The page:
Swaledales, a ditch and preparing for lambing...
Emma Heseltine - 17 February 2013
We are moving some of the ewes about at Stone Raise and have discovered some interlopers. There are two Swaledales lurking in the flock. I think they have joined for the good eats and the treacle. The trouble is someone will be missing them. We ring a few people who have rent-a-sheep in the area to find the owner. These are hill sheep that are brought down to the lowlands in the winter and graze on dairy farmer’s land who have their cattle in all winter. They are cheeky, wily and go wherever they fancy. And we have to catch them. After a bit of trickery (come to the trough sheep, look at the lovely barley we have for you here!) we manage to pin them down and I hold onto one whilst John walks the other to the Landrover and puts her in the back. After a while a little gator comes scooting down the road and the owner of the Swales has been located. Seems they have walked a couple of mile away from home. They are wild these hill sheep.
There is an incredibly overgrown hedge and ditch which we have been attacking. Unfortunately for me it’s been attacking back. John has used the chainsaw on the big bits and I’ve have volunteered to get in the ditch and pull out the branches, otherwise the ditch will get clogged and water will escape, we have enough water round here. It’s something of a battle as it’s pretty steep, slippery and of course there is a lot of blackthorn. Soon we have a section cleared and a nice pile ready for a bonfire. And guess what? I look like I’ve lost a fight with a sack of angry cats again.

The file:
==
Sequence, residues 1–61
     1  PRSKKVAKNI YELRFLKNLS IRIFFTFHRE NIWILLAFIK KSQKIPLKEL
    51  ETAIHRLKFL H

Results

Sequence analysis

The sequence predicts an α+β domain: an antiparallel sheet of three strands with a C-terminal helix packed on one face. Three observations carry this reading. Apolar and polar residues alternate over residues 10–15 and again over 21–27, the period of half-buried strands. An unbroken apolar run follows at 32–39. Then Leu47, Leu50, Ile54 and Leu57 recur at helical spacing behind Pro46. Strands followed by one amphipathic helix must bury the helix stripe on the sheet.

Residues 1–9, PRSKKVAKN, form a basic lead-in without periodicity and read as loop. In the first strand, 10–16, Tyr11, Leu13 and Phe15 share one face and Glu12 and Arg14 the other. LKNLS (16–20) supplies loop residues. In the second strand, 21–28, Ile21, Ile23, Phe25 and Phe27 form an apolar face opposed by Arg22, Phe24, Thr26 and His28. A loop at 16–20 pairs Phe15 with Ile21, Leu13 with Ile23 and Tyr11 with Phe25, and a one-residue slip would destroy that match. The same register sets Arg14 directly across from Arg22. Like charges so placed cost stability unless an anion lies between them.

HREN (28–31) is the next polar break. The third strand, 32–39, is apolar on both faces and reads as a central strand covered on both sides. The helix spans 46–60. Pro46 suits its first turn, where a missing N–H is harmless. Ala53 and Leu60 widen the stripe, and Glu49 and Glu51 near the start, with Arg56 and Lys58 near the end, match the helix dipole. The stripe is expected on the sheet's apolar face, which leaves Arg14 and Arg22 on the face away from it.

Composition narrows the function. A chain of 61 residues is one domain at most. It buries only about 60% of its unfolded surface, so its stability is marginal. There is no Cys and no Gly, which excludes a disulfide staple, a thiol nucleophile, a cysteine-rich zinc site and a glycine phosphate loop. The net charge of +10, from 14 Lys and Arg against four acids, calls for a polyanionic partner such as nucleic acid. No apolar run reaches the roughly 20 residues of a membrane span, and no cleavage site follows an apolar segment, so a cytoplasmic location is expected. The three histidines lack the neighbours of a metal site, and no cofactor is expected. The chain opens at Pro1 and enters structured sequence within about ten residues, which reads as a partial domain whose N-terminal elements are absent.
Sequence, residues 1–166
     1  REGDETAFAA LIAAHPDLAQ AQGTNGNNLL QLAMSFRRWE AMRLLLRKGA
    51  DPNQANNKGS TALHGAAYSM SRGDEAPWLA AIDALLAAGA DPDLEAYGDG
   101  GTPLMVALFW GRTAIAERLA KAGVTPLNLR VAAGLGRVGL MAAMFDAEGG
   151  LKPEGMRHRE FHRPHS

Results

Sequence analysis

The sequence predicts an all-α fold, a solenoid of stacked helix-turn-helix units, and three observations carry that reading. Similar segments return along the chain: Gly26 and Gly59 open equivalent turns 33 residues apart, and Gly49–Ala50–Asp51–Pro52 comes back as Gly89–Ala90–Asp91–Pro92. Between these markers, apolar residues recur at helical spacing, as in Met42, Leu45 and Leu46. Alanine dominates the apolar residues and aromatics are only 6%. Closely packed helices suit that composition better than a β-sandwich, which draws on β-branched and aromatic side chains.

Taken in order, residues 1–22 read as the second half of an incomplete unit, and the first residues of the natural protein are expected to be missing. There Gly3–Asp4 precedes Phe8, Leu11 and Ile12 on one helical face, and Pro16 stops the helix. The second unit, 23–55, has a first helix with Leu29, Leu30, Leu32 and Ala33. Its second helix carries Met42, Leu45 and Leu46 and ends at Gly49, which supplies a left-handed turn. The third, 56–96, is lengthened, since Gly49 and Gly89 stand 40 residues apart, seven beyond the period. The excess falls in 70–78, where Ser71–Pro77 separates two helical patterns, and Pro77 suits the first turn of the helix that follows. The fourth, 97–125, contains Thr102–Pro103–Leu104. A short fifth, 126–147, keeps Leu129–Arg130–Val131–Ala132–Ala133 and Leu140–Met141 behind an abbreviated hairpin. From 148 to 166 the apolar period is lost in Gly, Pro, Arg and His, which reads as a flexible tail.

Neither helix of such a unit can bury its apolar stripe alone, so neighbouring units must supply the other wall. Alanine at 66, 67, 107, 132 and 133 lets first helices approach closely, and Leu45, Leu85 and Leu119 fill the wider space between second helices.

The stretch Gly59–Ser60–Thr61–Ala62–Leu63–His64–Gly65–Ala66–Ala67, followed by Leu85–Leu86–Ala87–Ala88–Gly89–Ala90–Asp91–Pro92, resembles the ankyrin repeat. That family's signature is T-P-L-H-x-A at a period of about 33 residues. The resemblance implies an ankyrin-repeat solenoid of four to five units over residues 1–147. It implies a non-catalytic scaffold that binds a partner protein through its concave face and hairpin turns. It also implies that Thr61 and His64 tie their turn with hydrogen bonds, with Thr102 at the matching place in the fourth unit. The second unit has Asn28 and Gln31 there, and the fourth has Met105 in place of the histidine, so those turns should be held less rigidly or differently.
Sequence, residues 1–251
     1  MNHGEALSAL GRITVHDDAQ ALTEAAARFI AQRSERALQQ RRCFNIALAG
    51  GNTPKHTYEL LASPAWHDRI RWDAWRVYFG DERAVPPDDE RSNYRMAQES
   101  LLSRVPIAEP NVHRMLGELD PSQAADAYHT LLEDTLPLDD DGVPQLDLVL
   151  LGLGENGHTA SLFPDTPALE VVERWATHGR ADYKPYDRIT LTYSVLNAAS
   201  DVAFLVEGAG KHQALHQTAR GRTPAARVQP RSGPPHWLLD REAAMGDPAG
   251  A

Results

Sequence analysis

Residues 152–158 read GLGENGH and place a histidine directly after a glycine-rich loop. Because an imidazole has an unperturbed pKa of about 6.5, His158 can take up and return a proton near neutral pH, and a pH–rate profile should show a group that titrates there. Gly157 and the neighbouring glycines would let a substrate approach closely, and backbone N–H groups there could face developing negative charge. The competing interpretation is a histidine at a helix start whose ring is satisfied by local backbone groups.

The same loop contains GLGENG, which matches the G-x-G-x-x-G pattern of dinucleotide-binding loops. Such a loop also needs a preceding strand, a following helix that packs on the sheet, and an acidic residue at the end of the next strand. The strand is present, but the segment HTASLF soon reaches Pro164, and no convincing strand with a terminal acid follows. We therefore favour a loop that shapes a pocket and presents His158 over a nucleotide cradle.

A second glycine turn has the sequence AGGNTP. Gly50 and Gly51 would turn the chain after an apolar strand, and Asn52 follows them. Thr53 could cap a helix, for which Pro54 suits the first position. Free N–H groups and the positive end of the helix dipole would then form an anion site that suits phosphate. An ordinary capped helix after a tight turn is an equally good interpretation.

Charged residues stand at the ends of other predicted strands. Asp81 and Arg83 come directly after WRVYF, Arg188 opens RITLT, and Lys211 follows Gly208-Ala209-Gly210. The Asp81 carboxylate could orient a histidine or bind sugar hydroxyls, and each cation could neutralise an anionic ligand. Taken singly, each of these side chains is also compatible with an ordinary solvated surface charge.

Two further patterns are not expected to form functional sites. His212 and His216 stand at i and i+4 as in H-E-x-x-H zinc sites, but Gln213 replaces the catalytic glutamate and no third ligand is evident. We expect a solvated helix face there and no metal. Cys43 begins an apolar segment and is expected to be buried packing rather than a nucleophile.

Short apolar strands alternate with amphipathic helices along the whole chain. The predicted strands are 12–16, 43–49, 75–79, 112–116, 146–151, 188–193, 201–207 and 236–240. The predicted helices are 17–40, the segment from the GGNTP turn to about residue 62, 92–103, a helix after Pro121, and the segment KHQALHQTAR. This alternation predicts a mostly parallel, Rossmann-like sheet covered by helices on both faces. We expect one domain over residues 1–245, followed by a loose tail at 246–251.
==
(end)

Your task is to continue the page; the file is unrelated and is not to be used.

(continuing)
We are building pens at Houghton in preparation for lambing. We have some pretty snazzy recycled ones made from the black plastic that silage is wrapped in. they are fairly easy to assemble, just slot the panels together and there you go. Except there appears to be two types of pen panels and they don’t swap and change. We soon have it figures out and eight pens are set up in the extension shed. It looks empty; I remember filling it with hay one busy, long tiring night in the summer. Soon it will be full of little baa’s. We next get onto cataloguing all the equipment we have and all the things we need to get. It’s a list of tubes, syringes, bottles, lamps, iodine, gloves, halters and a million other essential items. I’m starting to get excited now, when will the lambs start coming? Last year I was quite nervous, this year I have an idea what to expect and know I can handle (most) of it, hence more excitement.
Emma completed a degree in Creative Imaging at Huddersfield University before working for a photography studio as an editor. Taking a break from the office world she worked in outdoor education for several years, climbing, abseiling, shooting, trampolining and even life-guarding with children of all ages. When Emma found out about the apprenticeship scheme with the Soil Association it seemed the perfect chance to do something worthwhile and fulfilling. After much searching and badgering farms in the North of England she found a position with Hadrian Organics and started in July 2011. So far it is living up to her expectations, every day is a new challenge and every day is different.
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